For some reason the kids weren’t keen on looking in the mirror, so Donna drew outlines of faces for them, and they painted/coloured them. Between you and me, you wouldn’t be able to identify the kids on the street using these as self-portraits but that’s not the end of the world. They did the activity and are quite happy with the results.
2. Message in a bottle
Donna has a whole art project around poems in bottles which have been sent all over the world to be buried and ‘found’ at some point in the future. She brought some bottles for the girls, and got them to write about themselves: who am I, how old am I, what’s my favourite colour, my best friend and so on. I thought that’s a really good activity for self-reflection. It’s like a time capsule you can look back on later in life. What a sweet and simple idea. You can bury it somewhere, if you like, (I’m not so keen on throwing it in the ocean these days!) and add a phone number or email address, to see if anyone ever unearths it!
Ours is going into the memory box where the girls can look back on it one day.
3. Picasso faces
Not strictly Frida, but still a self-portrait and still surrealist, Donna cut out parts of faces and had the kids arrange theirs into Picasso-esque self-portraits.
Interestingly, during all this self-portraiting, the kids were talking to Donna about bullying and what to do when you’re being bullied and so on. I thought it was an interesting lead-in, reflecting on self, and diverting to external opinion.
These final two activities weren’t with Donna, but I’m adding them here as they fall under the ‘self-portrait’ and ‘about me’ category of activities.
4. Frida Khalo Shadow Boxes
We don’t have a lot of magazines that are good for cutting up, but I had the kids go through the ones we have and choose images that resonated with them – that said something about who they are. They chose things from the two magazines I could find, and then I printed a bunch of pictures from Google and let them choose which ones they felt were relevant to them. We used square deep box frames from The Range and I printed one of our recent photos (for each frame) then the girls used regular Bostik White Glu to stick the pictures to the wooden frames.
5.Expressing Feelings in Healthy Ways – from Heroine’s Club book
This activity requires a conversation about feelings and healthy ways to express them. It’s one of those nice activities where you can work and talk at the same time. The book suggests starting with the body outlines already drawn, and then using a marker pen to write the feelings we feel in the head and heart spaces. Around the body write down ideas on how we can express our feelings in healthy ways.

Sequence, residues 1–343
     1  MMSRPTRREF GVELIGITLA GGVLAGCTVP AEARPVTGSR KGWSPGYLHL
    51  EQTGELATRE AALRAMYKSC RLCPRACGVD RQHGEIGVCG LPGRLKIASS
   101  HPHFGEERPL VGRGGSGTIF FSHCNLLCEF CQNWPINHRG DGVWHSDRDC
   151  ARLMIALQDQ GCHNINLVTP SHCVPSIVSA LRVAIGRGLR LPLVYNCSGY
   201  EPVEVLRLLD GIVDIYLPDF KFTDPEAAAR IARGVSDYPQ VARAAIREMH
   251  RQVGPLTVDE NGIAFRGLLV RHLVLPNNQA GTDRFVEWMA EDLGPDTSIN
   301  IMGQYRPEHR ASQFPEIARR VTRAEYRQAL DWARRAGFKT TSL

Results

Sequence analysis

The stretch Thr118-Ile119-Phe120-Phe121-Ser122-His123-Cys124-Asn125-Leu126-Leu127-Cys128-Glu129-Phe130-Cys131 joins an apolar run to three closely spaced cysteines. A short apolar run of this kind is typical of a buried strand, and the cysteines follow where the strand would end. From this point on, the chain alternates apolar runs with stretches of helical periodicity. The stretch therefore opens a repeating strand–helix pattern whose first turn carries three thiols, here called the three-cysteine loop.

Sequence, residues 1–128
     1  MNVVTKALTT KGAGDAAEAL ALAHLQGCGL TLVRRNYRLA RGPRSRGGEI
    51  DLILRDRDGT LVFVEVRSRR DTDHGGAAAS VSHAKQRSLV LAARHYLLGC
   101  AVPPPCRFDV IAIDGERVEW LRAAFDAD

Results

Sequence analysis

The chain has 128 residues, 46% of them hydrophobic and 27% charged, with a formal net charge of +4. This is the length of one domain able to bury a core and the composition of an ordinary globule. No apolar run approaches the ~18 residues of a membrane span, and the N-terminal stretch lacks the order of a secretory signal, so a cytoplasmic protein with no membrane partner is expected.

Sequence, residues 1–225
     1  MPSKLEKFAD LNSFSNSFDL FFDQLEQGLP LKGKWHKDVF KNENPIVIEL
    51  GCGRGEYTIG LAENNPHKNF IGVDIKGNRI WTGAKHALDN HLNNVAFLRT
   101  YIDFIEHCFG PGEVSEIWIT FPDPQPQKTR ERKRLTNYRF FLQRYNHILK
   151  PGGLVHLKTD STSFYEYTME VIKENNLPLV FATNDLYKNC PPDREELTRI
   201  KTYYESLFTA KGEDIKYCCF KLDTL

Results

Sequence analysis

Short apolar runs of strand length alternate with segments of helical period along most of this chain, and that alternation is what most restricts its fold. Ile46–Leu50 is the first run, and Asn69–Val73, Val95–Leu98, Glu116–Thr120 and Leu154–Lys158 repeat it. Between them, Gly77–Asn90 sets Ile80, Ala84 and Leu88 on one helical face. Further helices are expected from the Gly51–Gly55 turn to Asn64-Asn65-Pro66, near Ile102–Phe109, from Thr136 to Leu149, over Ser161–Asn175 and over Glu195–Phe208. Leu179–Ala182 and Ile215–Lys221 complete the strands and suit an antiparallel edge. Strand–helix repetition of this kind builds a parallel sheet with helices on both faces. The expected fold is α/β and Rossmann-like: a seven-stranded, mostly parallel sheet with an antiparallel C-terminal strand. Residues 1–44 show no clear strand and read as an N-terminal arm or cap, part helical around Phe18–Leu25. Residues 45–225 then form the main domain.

It’s a fantastic talking activity to do with children.
There’s a lot of power in being self-aware, so giving kids the tools to know who they are is a valuable life skill.
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Sometimes life collides in several places at the same time, creating a series of thoughts or actions that can change us forever. This is the story of such a change for me – how I realised that womanhood is a gift, and how I grew to love being a woman.
I don’t recall ever hating being a girl. I was ‘lucky’ in that I was raised fairly free of the limitations of feminity. We were always dressed in beautiful, home-made, pastel coloured dresses with lace trimming that I hated as soon as I hit puberty, but we were never discouraged from climbing trees, or riding bikes, or participating in sports. The only ‘it’s okay, you’re a girl’ thing that I remember from my childhood is an inability to do well at mathematics, and being told that it was because I am a girl. I didn’t go on to do a doctorate in maths. In fact, I still suck at it. Whether that’s just a quirk of being me, or some latent reaction to being told I couldn’t, I will never know. I can do my budgets, bake my cakes, work out the tire pressure for my car. I do okay. I never really needed to know what a is equal to anyway.Read more: Teaching Girls About Women – What Woman Is
Since we’ve been learning about Frida Kahlo, I thought we’d put some geography on the ‘lesson plan’ and learn about Mexico. Frida Kahlo was very proud of her place of birth and while she travelled with her husband Diego and lived in some of the major cities in the USA and travelled to Paris, France, her heart was always in Mexico.